By Paul Adkins email@example.com
August 28, 2014
West Virginia high school football fans only got to see Brent Coleman play one time on this side of the Tug River.
It was the summer of 1997 when the Kentucky All-Star team, led by then Sheldon Clark High School coach Jim Matney, crossed the Tug to take on the West Virginia All-Stars in the second-ever Hatfield-McCoy Senior Bowl at Matewan High School’s Tiger Stadium.
Despite a late rally when Kentucky drove the ball deep into West Virginia territory and fueled by a series of good runs by Coleman, the Mountain State boys eventually prevailed 11-0 to even the Senior Bowl series.
Coleman had a distinguished career at Pikeville High School in his career which spanned 1993-96 but never got an opportunity to play college football.
The Hatfield-McCoy Bowl would be the last time Coleman suited up to play football.
Six years later, the 24-year-old Coleman, assigned to B Company of the First Battalion of the 68th Armored Regiment of the United States Army, was killed in action on Nov. 21, 2003 in the Iraq War when the vehicle Coleman was driving flipped over into a canal, trapping him inside and killing him.
Coleman will be remembered and honored this weekend at the Pike County Bowl as part of the bowl’s ‘legends,” an award given each year to a former player or coach who participated in the bowl game.
Coleman had an outstanding prep career for the Pikeville Panthers, first playing three years for legenday coach Hillard Howard and in 1996 for Royce Mayo.
In his senior year in 1996, Coleman led Pikeville to the Class A state semifinals, where the Panthers eventually lost 38-0 on Nov. 29 to Beechwood at Pikeville’s W.C. Hambley Athletic Complex over Thanksgiving weekend.
The loss left Pikeville one game short of reaching the Class A state championship game. It would be Coleman’s final game in a Panther uniform.
Coleman is still in the Kentucky record books.
Coleman, who wore No. 25 for Pikeville and was an all-state running back, scored 538 career points, which is still 19th all-time in Kentucky high school football history.
Coleman played in the 1993, 1994, 1995 and 1996 Pike County Bowls.
In Coleman’s last football game, the 1997 Hatfield-McCoy Bowl, he was named as the Most Valuable Player for the Kentucky All-Stars.
The game’s lone touchdown came on a 68-yard fumble recovery by Tug Valley’s Roger Davis. West Virginia’s Jim Pertee also booted a field goal.
Six games are set to be played this weekend in the Pike County Bowl.
On Friday night at Belfry High School’s CAM Stadium, Pike Central takes on Somerset at 6:05 p.m. The host Belfry Pirates, last year’s state champs, are then set to do battle with Lexington Henry Clay at 8:35 p.m.
Also on Friday night at Shelby Valley’s Johnson Brothers Athletic Complex, the host Shelby Valley Wildcats are set to square off with Paris. Phelps plays Betsy Layne in the nightcap at 8:35 p.m.
The Pike County Bowl then shifts to Pikeville’s W.C. Hambley Athletic Complex on Saturday as East Ridge plays Hurley (Va.) at 6:05 p.m. and the host Pikeville Panthers take on the Hazard Bulldogs at 8:35 p.m.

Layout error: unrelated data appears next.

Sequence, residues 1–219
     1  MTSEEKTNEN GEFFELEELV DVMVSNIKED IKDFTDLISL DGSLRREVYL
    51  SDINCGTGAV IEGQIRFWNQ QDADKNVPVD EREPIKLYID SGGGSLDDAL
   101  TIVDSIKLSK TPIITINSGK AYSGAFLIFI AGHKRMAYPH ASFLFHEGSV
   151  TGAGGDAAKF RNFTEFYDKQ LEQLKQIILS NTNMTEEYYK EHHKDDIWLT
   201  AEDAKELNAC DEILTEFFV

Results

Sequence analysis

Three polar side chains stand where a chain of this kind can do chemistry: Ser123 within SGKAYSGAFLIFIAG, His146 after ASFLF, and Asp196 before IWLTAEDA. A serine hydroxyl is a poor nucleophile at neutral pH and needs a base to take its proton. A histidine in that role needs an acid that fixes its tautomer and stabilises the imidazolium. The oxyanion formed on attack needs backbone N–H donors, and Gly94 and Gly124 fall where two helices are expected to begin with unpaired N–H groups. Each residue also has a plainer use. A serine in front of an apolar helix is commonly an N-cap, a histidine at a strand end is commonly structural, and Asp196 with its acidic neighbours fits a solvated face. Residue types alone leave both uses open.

Coleman will be remembered at all three venues.
He was killed in Operation Iraqi Freedom on Nov. 21, near Balad, Iraq, when he and two soldiers were chasing a vehicle they considered suspicious when their Humvee flipped into a canal. Coleman was trapped inside and drowned. The others survived.
The military awarded Coleman the Purple Heart, for wounds received in action, and the Bronze Star, for meritorious service; two medals in fine boxes that went to his 20-year-old widow, who found a husband and lost a husband in less than a year.
Kirsten Sinley and Brent Coleman married in March 2003, three weeks before he left for Iraq as a tank driver with the 4th Infantry Division Mechanics, based at Fort Carson, near Colorado Springs, Colo.
In Pikeville, hundreds welcomed him home, solemnly filing into the high school auditorium where his casket sat on a high stage, nestled by white flowers, next to his maroon football jersey, No. 25, and his battered game helmet.
He was already a hero in Pikeville, where high school football is a way of life and those who play well are never forgotten. Coleman was short for a running back — -feet-6 inches and 190 pounds — but he ran very well. He ended up as the all-time leading rusher and scorer in Pikeville history.
They called him “Rocket” for his ability to find a hole and plow through it, his beefy legs pumping like pistons. They also called him “Stumpy.”
“I guess because I’m short and fat,” he said, grinning from ear to ear, when a local television station named him player of the week in 1996, the beginning of his senior year.
In Iraq, his platoon called him “Hollywood” because his physique and his demeanor warranted it.
Coleman was the first soldier from Pikeville to die in Iraq. More than 4,000 American military service personnel were killed in the war which ended in 2011.
— The Associated Press contributed to this report.